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Category:    Home > Reviews > Animation > Comedy > Satire > TV > Science Fiction > Thriller > Anthology > British TV > Sports > Superhero > Amazing World Of Gumball, Volume 4 (2013 - 2014/Cartoon Network/Warner Archive DVD)/Out Of This World (1962/Associated British TV/BFI Region 2 PAL Import DVD)/Super Globetrotters (1979 Complete Animat

Amazing World Of Gumball, Volume 4 (2013 - 2014/Cartoon Network/Warner Archive DVD)/Out Of This World (1962/Associated British TV/BFI Region 2 PAL Import DVD)/Super Globetrotters (1979 Complete Animated Series/Hanna-Barbera/Warner Archive DVD Set)

Picture: C+/C/C+ Sound: C+/C+/C Extras: D/B-/D Episodes: B-/B-/C+

PLEASE NOTE: The Out Of The World Import DVD is now only available from our friends at BFI, can only play on Blu-ray & DVD players that can handle PAL format DVDs, ones that are encoded for Region 2 and can be ordered from the link below, while the Gumball and Globetrotters DVD releases are now only available from Warner Bros. through their Warner Archive series. All can be ordered from the links below.

Here's some interesting new children's releases adults might be interested in too...

Amazing World Of Gumball, Volume 4 (2013 - 2014) is the latest collection of the hit Cartoon Network animated series, this time issued by Warner Archive on DVD. We previously covered a non-volume release dubbed The Party (with 12 episodes) at this link:


This is more of the same, but it is good, colorful, silly and pop culture hip adventures of the gang still in high school (this also has 12 episodes) that are amusingly consistent. It even reminds me a little of Fleischer Studios animation in its formlessness and wackiness, which is not a bad thing. This is as good a DVD single to start with as any.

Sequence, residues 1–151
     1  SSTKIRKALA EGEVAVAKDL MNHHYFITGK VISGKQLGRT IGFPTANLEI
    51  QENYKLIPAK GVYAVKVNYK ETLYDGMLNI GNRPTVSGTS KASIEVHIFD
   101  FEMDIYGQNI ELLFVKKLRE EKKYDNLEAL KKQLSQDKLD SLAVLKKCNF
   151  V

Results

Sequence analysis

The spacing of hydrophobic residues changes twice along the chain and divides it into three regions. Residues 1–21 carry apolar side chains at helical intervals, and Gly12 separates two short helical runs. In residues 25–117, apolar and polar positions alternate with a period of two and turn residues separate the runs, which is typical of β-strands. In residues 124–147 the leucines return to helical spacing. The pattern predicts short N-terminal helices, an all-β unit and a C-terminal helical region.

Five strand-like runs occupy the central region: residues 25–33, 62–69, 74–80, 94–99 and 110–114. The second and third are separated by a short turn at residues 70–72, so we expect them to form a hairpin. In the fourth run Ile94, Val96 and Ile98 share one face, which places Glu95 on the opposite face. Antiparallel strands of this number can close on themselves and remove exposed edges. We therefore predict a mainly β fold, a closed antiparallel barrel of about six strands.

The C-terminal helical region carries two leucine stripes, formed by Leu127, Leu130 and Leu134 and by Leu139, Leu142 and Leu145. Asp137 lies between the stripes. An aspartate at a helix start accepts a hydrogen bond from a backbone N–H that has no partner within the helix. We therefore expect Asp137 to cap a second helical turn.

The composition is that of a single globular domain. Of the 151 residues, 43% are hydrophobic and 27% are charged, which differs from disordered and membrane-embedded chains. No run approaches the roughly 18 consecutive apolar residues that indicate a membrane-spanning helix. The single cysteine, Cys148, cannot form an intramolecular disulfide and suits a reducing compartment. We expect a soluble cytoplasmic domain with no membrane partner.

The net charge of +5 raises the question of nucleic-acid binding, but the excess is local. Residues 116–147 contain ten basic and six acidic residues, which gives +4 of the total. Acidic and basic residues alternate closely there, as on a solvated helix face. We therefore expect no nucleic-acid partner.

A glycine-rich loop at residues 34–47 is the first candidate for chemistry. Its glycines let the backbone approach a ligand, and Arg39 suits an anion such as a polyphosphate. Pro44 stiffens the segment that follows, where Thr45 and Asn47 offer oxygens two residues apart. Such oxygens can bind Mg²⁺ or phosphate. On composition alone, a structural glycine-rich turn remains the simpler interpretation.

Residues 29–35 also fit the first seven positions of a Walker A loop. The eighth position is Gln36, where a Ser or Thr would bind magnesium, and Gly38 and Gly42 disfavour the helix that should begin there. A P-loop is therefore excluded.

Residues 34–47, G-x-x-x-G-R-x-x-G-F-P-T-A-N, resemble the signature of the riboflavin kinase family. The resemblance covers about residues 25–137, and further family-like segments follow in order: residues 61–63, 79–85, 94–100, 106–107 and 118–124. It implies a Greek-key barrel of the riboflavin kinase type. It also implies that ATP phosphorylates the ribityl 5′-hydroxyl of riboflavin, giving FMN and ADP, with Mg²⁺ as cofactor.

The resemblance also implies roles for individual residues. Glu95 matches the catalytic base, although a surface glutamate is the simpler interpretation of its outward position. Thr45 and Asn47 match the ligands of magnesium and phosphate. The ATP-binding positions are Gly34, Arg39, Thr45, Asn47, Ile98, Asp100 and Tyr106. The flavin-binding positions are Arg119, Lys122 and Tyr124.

There are no extras.

Meant for the whole family, Sidney Newman and Leonard White has just established the hit spy classic The Avengers when they tried a Science Fiction anthology show in Out Of This World (1962) for Associated British Television (ABC over there) and it was sadly not a hit. Worse, almost all the episodes have been lost save one completely. BFI has issued the surviving show and more on this new single-DVD release that is historical and well done. Boris Karloff was the host (as he was on Universal TV's Thriller series) and the show that survives is a digitally remastered presentation of Little Lost Robot, adapted from the Isaac Asimov story (directed by Guy Verney) as an offshoot series from ABC's Armchair Theater (several installments we have reviewed elsewhere on this site).

Playing on his three laws of robotics, the story has a female robot psychiatrist (Maxine Audley) trying to eventually identify one out of a bunch of robots that all look exactly the same, but is behaving differently. Told to get lost when a worker misdirects his anger at it, the robot (Roger Snowdon) takes the command literally causing subtle havoc in the programming of all the machines. Running about an hour, it is very well done, the opening and closing by Karloff are a plus and it is a shame the show was not a hit and the rest of the shows lost as this is some fine work ahead of its time. Clifford Evans also stars and this is highly recommended.